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Garlic chives

garlic chive budsOver the weekend, my mom gave me a lovely bunch of garlic chive buds freshly cut from a friend’s garden. Used primarily in Asian cooking, garlic chives are different than the thin, hollow little stems you chop up and sprinkle over baked potatoes — the leaves are flat and broad like blades of grass but much longer, and they taste like garlic. (Imagine that!) Each garlic chive plant produces only one bud stalk which is thinner, more tender, and more garlicky than the leaves. Because of the intense flavor, relative scarcity, and the amount of time it takes to gather a bunch of these, garlic chive buds are considered a delicacy. Many people simply chop them up and stir-fry them on their own. That’s how I prefer them, and they’re great with just a touch of sea salt.

Garlic chive leaves can also be used in stir-fries and pair particularly well with seafood. My uncle once made these phenomenal deep-fried spring rolls filled with chopped garlic chives and oysters — one of the top five most delicious things I’ve ever eaten, no joke. I’m too lazy to deep fry anything, but a garlic chive and shrimp stir-fry is easy and pretty tasty as well.

There are plenty of other ways to use garlic chives. You can mince them and make pork and chive dumplings, vegetarian dumplings, or add them to soup or noodle dishes. My mom’s favorite cooking method is scrambling them with eggs.

Garlic Chive Scrambled Eggs

Serves 1-2

small bunch of garlic chives, to make 1/2 cup chopped
4 eggs
2 T vegetable oil (or less if preferred)
1/2 t salt

Rinse and drain the chives, cutting off tough ends and discarding any wilted leaves. Chop the chives into 1-inch lengths. Beat eggs; add salt to eggs. Heat a skillet on medium-high heat. Add oil; add chives when oil is hot. Saute for about a minute or until chives turn a bright green but are not yet soft. Add beaten eggs. Reduce heat to medium. Scramble eggs and serve hot.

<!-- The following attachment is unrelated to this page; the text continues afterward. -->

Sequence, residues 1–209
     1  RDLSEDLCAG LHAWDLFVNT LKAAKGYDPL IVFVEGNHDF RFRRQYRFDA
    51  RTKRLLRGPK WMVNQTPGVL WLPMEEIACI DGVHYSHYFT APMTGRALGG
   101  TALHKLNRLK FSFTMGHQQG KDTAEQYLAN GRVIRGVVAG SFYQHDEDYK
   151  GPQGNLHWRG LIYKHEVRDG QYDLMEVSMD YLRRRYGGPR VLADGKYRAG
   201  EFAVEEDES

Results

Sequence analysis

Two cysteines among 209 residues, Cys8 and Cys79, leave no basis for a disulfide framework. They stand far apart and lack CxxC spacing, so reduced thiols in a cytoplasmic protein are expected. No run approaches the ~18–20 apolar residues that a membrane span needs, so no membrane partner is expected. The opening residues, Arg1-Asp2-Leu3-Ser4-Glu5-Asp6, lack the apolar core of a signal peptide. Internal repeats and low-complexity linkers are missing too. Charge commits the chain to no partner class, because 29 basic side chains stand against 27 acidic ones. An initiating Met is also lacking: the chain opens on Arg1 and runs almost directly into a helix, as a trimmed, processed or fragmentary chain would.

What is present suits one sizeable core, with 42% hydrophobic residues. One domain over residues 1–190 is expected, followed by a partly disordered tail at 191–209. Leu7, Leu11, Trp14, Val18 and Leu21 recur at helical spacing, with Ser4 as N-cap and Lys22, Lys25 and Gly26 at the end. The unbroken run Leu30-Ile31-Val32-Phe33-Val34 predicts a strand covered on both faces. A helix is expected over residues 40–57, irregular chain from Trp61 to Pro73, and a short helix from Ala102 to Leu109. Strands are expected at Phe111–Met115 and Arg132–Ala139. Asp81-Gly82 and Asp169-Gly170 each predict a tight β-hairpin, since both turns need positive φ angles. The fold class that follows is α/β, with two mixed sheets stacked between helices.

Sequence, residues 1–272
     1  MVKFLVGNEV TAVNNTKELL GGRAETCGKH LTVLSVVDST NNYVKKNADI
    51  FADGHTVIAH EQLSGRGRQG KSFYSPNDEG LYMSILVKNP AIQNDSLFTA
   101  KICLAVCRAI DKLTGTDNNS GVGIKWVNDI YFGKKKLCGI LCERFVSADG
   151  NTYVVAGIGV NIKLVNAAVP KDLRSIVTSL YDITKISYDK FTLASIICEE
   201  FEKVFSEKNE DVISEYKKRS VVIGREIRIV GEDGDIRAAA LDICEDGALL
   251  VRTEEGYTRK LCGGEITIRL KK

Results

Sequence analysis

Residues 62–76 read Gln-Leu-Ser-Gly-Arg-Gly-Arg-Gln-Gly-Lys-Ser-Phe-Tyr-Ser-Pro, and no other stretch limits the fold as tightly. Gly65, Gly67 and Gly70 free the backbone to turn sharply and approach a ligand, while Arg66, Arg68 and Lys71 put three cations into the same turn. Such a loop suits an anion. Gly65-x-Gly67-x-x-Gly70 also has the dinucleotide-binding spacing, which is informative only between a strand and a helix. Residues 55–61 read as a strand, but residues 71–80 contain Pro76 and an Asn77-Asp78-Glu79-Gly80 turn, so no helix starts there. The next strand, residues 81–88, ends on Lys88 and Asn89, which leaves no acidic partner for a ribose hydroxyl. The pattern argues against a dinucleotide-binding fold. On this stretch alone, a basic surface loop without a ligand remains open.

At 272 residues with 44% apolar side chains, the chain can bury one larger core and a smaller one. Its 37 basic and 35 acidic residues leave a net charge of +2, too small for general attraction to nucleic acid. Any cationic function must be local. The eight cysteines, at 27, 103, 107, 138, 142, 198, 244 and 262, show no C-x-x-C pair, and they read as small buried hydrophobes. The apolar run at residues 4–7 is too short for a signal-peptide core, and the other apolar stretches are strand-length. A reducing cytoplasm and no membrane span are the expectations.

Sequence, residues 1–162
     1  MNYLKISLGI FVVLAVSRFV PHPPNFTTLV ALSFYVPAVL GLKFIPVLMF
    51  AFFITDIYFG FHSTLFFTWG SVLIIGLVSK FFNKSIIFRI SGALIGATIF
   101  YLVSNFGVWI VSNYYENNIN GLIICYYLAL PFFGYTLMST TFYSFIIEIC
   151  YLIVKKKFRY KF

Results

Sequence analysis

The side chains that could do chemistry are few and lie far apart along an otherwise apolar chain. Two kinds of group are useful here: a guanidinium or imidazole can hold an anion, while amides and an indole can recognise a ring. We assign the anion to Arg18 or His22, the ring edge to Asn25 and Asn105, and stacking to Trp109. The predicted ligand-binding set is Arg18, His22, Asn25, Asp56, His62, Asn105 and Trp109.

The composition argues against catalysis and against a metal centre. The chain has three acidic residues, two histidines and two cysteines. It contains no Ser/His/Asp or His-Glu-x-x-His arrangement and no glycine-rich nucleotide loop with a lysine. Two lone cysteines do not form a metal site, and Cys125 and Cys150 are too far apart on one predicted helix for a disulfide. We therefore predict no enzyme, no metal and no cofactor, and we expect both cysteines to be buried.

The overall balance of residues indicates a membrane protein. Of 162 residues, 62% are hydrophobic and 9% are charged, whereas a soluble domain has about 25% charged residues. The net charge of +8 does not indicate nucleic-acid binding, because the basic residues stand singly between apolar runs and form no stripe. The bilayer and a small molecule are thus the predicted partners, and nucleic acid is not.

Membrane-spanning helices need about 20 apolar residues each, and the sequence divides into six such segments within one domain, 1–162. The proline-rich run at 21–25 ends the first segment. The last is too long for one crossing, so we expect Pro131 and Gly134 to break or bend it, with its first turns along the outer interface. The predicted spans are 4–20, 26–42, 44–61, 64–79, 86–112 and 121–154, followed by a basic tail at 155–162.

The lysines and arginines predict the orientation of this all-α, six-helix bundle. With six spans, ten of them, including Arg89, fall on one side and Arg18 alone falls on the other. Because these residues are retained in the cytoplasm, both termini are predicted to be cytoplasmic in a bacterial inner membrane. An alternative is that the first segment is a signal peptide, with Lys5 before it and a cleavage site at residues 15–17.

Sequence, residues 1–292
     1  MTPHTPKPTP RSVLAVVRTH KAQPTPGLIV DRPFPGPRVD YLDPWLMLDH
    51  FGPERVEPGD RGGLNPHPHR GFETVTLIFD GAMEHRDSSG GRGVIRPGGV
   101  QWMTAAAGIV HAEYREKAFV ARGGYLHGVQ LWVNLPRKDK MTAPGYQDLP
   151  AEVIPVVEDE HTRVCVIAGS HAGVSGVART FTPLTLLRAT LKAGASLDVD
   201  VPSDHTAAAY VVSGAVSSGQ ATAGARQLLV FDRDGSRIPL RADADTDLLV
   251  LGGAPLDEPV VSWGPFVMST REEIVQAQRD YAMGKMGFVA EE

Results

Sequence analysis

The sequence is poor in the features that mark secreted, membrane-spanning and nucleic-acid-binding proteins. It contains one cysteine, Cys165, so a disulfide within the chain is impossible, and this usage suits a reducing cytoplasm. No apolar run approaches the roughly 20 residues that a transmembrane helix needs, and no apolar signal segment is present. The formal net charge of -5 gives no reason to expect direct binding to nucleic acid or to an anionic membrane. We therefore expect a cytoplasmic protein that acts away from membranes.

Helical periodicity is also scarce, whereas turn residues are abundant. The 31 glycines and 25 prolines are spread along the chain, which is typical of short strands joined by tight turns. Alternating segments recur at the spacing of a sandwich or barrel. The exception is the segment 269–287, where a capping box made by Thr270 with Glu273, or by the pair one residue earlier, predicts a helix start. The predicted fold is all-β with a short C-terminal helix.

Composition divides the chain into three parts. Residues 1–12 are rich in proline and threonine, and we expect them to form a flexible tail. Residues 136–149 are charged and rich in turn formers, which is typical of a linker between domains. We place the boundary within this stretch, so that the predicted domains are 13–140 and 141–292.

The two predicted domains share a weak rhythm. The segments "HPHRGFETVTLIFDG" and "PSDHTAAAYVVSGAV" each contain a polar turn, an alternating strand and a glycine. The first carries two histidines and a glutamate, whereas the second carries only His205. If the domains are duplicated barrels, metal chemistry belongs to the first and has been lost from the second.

This is great for breakfast and also makes a very easy light dinner served with a bowl of rice. Taiwanese folks (and I’m sure other Asians) sometimes eat eggs for dinner. Yum!


  1. Cat wrote:

    I’m crying tears of jealousy.

    Monday, August 20, 2007 at 12:22 pm | Permalink
  2. Cindy’s moving to DC! Next time I’m in town, we’ll go find some garlic chive-based food :)

    Tuesday, August 21, 2007 at 12:25 am | Permalink
  3. Cat wrote:

    You BETTER come hang out with me. :)

    Tuesday, August 21, 2007 at 9:24 am | Permalink
  4. Of course I will! :)

    Tuesday, August 21, 2007 at 7:26 pm | Permalink
  5. Cat wrote:

    We Southerners sometimes have “breakfast” for dinner too. Especially grits. :)

    Thursday, August 23, 2007 at 9:44 am | Permalink
  6. Josh wrote:

    I like chives. with sour cream. sprinkled on a baked po-ta-toh. ooh yeah!

    Wednesday, September 12, 2007 at 9:14 am | Permalink
  7. I toldja it’s not that sorta chives! 8-X

    Wednesday, September 12, 2007 at 11:07 am | Permalink

One Trackback/Pingback

  1. wasabigelatine › Sugar snap peas on Wednesday, June 18, 2008 at 12:15 am

    [...] in Taiwan, so it was easy for her to coax a few small crops from our suburban soil — pungent garlic chives, warty bitter melon, some Asian greens, and a couple of others. My favorite was sugar snap peas. I [...]

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